- What is a good FUDCon?
- What's the difference between a FUDCon and a FAD?
- What makes a good FAD?
- How do we send event-recording things to events (and decide which events to send things to - and what are we sending?)
Once we had a plethora of sticky notes blanketing a whiteboard in response to those four questions - and a much better idea of what folks were thinking about - we split into our two tracks: FUDCon 2.0 and FUDCon Live.
The goal of the FUDCon 2.0 track is to "refresh the entire "Premier Fedora Events" idea in our community. Break it down to first principles and build it back up, eventually refining processes, decision-making, and ownership. Then put this into practice as we plan 2010." We ended up with a FUDCon design page and the start of a Premier Fedora Events calendar, plus a lengthy list of Saturday action items and documents to draft tomorrow; the discussions we had along the way (including an analysis and discussion of the FUDCon Toronto survey results from the Marketing team) have been transcribed, and are probably more entertaining reading than today's deliverables themselves.
The goal of the FUDCon Live track is to bring together the tools (both software and hardware) and processes needed to take remote participation and recording of FUDCons to the next level. As part of this track, we're working with the freeseer folks to get their events-video-streaming code to be more modular and easily hackable, using 100% FOSS in its toolchain (replacing several encumbered codecs with gstreamer in the backend), and packaged in Fedora (of course). You can see the issue queue we're working through, along with the #freeseer IRC log and the general FUDCon Live track log (which doesn't have a lot in it - it was mostly freeseer today).
Memorable moments of the day:
- Clint and Dennis discovering that our new vga2usb converter did not have a FOSS driver available, and the subsequent Max-and-Clint electronics shopping run to get a scan converter in the meantime. The general idea behind using either is to take the VGA output from your computer (what you'd typically send to a monitor) and turn it into a video input for your computer - the kind you'd usually get from a webcam - so that video can easily be streamed. The vga2usb converter is a much simpler solution (intended directly for that use-case) and provides higher-quality video... but it's more expensive ($300 vs $50) and requires us to find someone who can write a driver for it first.
- Debates on how one would put a pony on one's expense report.
- We're going to have women's t-shirts (well, in general, shirts for folks with sizes we may not have gotten in the past by default) at the next FUDCon! I know it's a tiny thing - but it's a tiny thing that means a lot to me; I've only ever gotten one geek t-shirt made to fit me during my entire career as a hacker to date.
- Michael Cunningham's surprise visit, during which frisbees flew across the room (he threw them, too).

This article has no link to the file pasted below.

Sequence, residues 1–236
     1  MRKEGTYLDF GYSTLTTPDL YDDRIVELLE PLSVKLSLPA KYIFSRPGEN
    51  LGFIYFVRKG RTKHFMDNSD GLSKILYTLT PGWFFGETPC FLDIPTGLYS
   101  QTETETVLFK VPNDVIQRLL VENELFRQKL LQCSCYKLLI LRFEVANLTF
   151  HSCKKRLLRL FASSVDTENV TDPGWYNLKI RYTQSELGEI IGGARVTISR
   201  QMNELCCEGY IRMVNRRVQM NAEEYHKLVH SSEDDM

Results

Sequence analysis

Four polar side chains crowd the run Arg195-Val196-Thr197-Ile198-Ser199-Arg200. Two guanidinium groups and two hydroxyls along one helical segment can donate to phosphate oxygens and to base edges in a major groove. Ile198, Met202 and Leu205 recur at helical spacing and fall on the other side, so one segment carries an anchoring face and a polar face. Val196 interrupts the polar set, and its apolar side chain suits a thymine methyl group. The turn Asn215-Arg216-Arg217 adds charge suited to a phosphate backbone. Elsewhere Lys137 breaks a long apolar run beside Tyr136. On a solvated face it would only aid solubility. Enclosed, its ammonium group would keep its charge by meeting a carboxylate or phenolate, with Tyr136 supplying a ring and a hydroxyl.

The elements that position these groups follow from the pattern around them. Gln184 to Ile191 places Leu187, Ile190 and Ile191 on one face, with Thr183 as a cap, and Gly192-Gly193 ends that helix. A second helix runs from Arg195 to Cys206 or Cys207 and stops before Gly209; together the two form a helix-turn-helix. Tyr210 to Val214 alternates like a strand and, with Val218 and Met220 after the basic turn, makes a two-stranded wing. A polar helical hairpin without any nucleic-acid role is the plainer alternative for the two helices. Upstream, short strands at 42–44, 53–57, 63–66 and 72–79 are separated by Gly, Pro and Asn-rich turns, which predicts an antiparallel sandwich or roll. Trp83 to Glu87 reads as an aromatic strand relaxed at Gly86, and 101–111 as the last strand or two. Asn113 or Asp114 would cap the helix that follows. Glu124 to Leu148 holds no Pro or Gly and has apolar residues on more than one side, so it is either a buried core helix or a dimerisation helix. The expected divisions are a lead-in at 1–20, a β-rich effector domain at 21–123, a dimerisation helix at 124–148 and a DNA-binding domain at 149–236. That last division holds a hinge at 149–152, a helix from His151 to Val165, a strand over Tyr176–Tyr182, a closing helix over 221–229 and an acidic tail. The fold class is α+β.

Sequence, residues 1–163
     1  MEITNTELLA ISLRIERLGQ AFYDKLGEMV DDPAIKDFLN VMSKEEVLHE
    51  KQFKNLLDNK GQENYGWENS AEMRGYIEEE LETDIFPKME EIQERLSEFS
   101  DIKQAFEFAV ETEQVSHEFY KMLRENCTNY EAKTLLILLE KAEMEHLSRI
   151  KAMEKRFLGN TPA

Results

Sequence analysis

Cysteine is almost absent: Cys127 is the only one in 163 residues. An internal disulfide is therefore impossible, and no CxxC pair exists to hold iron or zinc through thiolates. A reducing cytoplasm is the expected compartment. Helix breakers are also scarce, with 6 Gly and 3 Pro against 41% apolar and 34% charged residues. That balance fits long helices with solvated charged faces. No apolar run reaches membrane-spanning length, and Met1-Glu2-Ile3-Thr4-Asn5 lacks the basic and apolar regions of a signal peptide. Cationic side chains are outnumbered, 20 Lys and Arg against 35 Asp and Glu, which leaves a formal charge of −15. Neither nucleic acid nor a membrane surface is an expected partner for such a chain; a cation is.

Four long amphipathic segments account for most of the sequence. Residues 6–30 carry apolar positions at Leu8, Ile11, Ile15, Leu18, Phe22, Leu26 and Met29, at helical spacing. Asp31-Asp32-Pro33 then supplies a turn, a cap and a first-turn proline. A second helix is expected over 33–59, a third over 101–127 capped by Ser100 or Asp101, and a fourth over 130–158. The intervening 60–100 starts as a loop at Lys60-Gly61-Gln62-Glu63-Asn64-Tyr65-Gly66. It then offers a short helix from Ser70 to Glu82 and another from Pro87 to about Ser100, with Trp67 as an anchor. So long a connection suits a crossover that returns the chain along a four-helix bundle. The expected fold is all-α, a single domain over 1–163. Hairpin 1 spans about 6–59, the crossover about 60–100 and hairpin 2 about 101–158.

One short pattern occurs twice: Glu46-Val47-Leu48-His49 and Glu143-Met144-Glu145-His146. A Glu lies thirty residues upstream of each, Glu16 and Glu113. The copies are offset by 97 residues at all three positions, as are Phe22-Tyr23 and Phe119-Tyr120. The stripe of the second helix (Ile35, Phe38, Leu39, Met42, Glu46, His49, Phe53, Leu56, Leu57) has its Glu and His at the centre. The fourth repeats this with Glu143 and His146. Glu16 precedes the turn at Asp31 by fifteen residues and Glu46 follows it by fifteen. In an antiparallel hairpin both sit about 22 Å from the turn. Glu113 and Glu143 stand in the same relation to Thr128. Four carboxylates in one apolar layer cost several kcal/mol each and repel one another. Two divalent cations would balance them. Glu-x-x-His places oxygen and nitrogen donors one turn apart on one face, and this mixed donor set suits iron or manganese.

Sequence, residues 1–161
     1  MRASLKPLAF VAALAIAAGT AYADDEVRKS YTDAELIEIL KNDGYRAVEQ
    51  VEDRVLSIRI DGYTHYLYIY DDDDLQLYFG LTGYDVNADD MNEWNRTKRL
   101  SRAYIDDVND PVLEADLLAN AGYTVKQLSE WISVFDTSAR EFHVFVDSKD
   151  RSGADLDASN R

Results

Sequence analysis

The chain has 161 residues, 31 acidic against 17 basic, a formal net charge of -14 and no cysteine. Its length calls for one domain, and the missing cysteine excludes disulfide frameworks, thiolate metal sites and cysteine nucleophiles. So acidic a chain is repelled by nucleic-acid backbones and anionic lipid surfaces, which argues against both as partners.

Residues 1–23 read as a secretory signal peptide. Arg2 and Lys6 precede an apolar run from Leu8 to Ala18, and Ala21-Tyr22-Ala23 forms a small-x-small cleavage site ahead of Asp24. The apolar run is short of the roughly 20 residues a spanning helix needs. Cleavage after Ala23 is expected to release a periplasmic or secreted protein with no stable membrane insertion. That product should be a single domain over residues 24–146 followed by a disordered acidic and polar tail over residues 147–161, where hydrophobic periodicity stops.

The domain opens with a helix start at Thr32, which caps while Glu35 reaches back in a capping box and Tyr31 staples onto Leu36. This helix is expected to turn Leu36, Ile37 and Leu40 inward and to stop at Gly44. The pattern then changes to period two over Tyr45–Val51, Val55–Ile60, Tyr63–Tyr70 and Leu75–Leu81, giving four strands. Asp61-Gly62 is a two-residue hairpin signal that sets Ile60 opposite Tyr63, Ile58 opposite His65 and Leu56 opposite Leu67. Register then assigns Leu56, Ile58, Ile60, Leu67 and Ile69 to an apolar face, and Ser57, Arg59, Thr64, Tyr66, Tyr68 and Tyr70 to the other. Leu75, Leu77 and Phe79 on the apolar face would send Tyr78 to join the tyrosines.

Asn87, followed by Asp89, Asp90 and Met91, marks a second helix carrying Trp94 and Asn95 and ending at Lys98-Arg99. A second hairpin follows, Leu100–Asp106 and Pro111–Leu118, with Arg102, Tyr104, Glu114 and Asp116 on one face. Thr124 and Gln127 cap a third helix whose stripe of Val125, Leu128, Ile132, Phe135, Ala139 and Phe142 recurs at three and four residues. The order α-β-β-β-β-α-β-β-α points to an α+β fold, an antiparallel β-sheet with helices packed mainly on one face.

- A mass trip to see the movie Avatar - in 3D IMAX. And let me tell you: there is nothing better than watching a gorgeous epic sci-fi movie with a bunch of fellow geeks - particularly when it's accompanied by free popcorn and soda. As bonus points, we continued to defy death during a (very, very slow) drive back to the hotel while experiencing the rarity that is Raleigh's White Terror - snow, and possibly even more than an inch of it in a single night! (Yes, my Bostonian driver sense is laughing now.)
- Remote participants chiming in during the brainstorm and subsequent discussions and hacking - a big thank-you to Thanh and Andrew from freeseer, as well as to Susan, John, Yaakov, Karsten, and everyone else who joined us on IRC and added their ideas to the pool.
That last point bears repeating. One of the things I'm enjoying greatly about this FAD is the amount of dogfooding we're doing - in my (biased) opinion, we're doing a pretty good job of keeping things up to date in a way that lets remote participants eavesdrop and participate. Instead of writing notes only when asked to do it, we're transcribing all the time; the wiki is continuously kept up-to-date, and we'll occasionally ping those we know to be remote and watching and say "hey, we'd like your input on this thing."
It's a lot of work, but it's great to have - for remotees, for our future selves (it's making it easier to type these wrap-up notes now, for instance), and for my own ability to participate in the live conversations at the FAD, since sometimes lipreading in a heated discussion jumps between people faster than I can follow, particularly when concentrating on something else (like transcribing our whiteboard notes to the wiki). People have been taking transcription shifts in an ad-hoc manner throughout the day in order to pull this off, and my wrists and I for one am grateful. Suggestions on how we can make things even more accessible to remote participants would be extremely welcome!
We're in #fedora-fad on irc.freenode.net tomorrow and the day after (Saturday and Sunday) as well if you'd like to join in on the fun - depending on the weather and the road conditions, we may be hacking from the hotel, or we may be hacking from the Red Hat office (all of 5 miles away, mind you) - but either way, we'll be on IRC and hackin'.